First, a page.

This statement (even if not in these exact words) was told to me by a colleague while working on a field research project (literally- a field). The intense summer sun was beating down on us and the men that were present before to aid in the physical labor had left.
“Finally!” I exclaimed, beginning to roll up my long sleeves and loosening the scarf around my head, “Now that it’s just us ladies…”
My colleague looked at me with a mixture of sympathy and exasperation.
“I’m sure your husband doesn’t mind if you don’t completely cover yourself all of the time. It’s hot out here after all.”
While her intentions were pure, the statement was like a slap in the face. Your busband doesn’t mind… For any married women out there that have decided to don the hijab after marriage, for any reason, ya’ll have probably heard this before. This was not the first time I heard this either. There seems to be some misunderstanding in our (US and other non-islamic) cultures that hijab is something donned and practiced for men. This thought is the seed from which grows the idea that Islam is mysogynistic.
Let me be clear. While I can’t speak for others- I will speak for myself. Wearing the hijab was my idea. I put it on in my own time, when I was ready to experience it. Neither my husband nor his family ever forced the idea on me, or even planted it in my subconscious through actions. I began studying Islam because I wanted to know about it. My husband was simply the sounding board from which I bounced my ideas of studying Islam and looking into it further via reading or action (he was even a little nervous about my wearing hijab- thinking that others would suspect it was his idea). I’d known that hijab was obligatory for muslimahs for approximately two years prior to my wearing it, and was, in all honesty, one of the biggest obstacles for me to overcome and embrace Islam (which, technically, I haven’t taken my shahada yet but I am almost there, inshallah). Being from a non-islamic country and background, I too began my journey into Islam with the jaded notion that women were completely subservient and slaves to men, that hijab was for men and was forced upon women by their elder male relatives.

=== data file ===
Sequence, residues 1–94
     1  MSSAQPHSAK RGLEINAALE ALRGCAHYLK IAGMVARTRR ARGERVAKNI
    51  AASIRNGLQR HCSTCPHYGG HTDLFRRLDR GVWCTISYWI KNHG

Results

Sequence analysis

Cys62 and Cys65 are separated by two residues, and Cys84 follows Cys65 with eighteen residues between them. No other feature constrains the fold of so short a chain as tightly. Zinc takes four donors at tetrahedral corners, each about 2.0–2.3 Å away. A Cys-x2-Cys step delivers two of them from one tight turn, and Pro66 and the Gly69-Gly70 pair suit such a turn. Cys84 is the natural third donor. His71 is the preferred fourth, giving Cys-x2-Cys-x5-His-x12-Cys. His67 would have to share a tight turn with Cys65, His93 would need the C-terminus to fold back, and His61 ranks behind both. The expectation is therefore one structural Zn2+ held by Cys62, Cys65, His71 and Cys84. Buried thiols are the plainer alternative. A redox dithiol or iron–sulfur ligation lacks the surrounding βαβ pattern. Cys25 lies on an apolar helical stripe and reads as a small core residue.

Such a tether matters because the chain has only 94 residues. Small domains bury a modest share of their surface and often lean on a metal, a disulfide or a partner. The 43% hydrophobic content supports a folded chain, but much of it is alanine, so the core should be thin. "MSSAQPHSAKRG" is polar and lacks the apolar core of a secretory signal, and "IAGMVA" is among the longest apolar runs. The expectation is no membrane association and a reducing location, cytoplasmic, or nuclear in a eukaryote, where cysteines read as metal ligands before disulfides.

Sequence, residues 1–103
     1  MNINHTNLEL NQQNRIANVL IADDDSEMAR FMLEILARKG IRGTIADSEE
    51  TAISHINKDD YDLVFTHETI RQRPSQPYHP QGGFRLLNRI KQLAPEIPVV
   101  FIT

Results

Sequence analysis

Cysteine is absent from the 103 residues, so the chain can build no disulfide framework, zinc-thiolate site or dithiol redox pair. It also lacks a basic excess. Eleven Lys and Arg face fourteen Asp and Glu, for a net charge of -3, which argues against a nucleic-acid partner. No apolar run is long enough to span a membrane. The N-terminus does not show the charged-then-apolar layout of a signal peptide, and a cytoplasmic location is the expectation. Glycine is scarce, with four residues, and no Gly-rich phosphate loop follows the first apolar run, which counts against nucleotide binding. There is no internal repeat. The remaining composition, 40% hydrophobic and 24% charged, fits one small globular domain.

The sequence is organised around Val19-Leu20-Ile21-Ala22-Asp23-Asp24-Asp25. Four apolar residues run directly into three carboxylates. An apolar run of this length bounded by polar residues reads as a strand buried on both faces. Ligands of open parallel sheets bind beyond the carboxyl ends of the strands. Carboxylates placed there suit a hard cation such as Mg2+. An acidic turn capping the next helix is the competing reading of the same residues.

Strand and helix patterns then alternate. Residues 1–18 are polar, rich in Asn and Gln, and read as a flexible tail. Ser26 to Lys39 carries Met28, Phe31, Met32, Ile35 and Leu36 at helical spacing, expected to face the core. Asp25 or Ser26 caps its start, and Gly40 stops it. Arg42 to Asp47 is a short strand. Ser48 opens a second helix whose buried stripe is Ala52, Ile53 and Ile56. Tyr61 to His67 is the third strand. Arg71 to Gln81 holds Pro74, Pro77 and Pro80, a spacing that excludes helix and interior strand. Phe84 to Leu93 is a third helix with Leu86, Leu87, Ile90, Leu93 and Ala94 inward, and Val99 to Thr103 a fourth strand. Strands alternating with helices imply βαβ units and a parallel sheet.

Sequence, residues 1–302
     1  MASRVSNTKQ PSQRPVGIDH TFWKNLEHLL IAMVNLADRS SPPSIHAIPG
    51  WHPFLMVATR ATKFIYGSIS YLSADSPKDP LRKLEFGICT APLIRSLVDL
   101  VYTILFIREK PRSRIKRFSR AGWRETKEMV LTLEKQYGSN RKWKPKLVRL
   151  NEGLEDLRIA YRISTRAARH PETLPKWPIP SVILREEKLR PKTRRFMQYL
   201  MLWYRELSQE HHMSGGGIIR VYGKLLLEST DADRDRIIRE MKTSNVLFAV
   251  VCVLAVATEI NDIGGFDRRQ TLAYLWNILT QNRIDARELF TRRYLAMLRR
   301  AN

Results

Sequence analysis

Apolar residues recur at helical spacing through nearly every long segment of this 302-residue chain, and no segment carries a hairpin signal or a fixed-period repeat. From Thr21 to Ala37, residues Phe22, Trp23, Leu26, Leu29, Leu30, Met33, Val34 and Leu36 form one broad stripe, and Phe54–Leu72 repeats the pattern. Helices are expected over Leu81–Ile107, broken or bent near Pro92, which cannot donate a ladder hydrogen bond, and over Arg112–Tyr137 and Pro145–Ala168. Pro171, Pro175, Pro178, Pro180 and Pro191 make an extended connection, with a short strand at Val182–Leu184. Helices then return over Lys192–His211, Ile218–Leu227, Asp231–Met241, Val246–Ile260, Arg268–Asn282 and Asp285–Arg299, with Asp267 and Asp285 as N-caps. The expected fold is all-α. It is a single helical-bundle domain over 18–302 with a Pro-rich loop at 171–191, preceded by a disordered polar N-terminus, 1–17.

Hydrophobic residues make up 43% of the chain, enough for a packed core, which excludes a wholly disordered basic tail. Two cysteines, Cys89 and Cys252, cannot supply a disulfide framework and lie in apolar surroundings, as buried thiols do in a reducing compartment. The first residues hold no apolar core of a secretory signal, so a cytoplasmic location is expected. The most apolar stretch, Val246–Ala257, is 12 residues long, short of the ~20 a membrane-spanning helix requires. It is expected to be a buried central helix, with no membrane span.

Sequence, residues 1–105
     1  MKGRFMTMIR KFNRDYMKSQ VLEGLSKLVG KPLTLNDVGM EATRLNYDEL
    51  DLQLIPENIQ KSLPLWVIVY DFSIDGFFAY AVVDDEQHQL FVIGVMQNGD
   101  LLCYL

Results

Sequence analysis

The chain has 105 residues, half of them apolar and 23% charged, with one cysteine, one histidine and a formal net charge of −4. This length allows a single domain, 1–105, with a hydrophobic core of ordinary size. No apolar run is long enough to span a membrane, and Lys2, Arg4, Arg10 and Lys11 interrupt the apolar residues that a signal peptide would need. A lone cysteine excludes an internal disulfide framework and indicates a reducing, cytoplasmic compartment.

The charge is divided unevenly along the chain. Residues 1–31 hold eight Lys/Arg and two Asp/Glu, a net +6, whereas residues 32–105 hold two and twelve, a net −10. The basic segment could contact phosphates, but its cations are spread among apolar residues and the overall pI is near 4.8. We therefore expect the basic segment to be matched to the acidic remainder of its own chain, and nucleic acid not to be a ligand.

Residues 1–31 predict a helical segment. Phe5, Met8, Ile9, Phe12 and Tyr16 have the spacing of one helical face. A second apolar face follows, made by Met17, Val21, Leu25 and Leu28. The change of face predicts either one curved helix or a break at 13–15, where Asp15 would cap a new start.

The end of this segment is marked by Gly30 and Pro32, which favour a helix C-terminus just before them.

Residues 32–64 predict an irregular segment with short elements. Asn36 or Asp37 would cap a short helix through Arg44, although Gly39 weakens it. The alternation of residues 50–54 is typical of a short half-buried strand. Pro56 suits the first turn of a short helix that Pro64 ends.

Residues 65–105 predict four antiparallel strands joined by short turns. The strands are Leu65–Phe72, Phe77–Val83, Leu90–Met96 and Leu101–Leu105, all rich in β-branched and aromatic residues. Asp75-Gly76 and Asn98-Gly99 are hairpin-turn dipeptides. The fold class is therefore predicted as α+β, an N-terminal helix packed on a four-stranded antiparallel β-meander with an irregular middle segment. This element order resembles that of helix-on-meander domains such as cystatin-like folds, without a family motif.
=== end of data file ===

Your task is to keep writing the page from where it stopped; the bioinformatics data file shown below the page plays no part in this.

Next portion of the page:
Oh, was I wrong.
The more I read and listened, the more I saw hijab for what it was; a feminist (and Islamic, ofcourse) act of controlling how others see you, and commanding dignity and respect with a modest appearance and behavior, all while identifying yourself as a muslimah. Hijab is for WOMEN, not men. I fell in love with the concept. (note: there is a hijab for men too, but I’m talking about the one prescribed to women in the Quran.)
In understanding more about hijab and what it is, I began to wonder where the idea of wearing hijab for men came from, this idea that prevails in non-islamic societies. I then began to consider womens actions and dress in my own culture. Do not women often choose their clothes, hairstyles, and makeup, to attract attention from men (and women)? While we may not be doing it knowingly, our appearance is greatly determined by the thoughts of those around us. In this way it seems clear that society would view hijab as an act for others (men specifically) because this is the only way that society knows how to think. I’m not saying every woman is like this, but look between the lines of our cultural norms.
If you are behind your computer screen berating me for my thoughts, I challenge you to wear hijab for a day, or a week, or, hey, try the 30 day ramadan hijab challenge from June 28 to July 28 and show the world that you don’t care what they think of your look. Put on the hijab for yourself and feel the liberation. You may be surprised how much you love it.